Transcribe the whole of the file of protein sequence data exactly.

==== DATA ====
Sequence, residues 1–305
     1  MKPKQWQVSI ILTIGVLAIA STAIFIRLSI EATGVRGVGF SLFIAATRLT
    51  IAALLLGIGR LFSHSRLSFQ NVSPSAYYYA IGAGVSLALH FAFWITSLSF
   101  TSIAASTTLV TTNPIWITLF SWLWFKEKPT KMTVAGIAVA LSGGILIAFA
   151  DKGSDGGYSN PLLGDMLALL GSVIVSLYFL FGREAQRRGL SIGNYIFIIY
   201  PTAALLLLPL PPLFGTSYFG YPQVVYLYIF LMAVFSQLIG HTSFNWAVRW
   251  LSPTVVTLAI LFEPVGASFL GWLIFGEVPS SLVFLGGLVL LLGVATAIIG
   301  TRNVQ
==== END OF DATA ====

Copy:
Sequence, residues 1–305
     1  MKPKQWQVSI ILTIGVLAIA STAIFIRLSI EATGVRGVGF SLFIAATRLT
    51  IAALLLGIGR LFSHSRLSFQ NVSPSAYYYA IGAGVSLALH FAFWITSLSF
   101  TSIAASTTLV TTNPIWITLF SWLWFKEKPT KMTVAGIAVA LSGGILIAFA
   151  DKGSDGGYSN PLLGDMLALL GSVIVSLYFL FGREAQRRGL SIGNYIFIIY
   201  PTAALLLLPL PPLFGTSYFG YPQVVYLYIF LMAVFSQLIG HTSFNWAVRW
   251  LSPTVVTLAI LFEPVGASFL GWLIFGEVPS SLVFLGGLVL LLGVATAIIG
   301  TRNVQ